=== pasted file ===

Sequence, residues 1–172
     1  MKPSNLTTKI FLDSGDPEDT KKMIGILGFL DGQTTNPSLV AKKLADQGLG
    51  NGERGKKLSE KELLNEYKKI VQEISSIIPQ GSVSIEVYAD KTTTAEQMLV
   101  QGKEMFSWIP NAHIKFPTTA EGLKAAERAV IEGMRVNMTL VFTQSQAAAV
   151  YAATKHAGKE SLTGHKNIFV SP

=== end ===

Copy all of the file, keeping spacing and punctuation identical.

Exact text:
Sequence, residues 1–172
     1  MKPSNLTTKI FLDSGDPEDT KKMIGILGFL DGQTTNPSLV AKKLADQGLG
    51  NGERGKKLSE KELLNEYKKI VQEISSIIPQ GSVSIEVYAD KTTTAEQMLV
   101  QGKEMFSWIP NAHIKFPTTA EGLKAAERAV IEGMRVNMTL VFTQSQAAAV
   151  YAATKHAGKE SLTGHKNIFV SP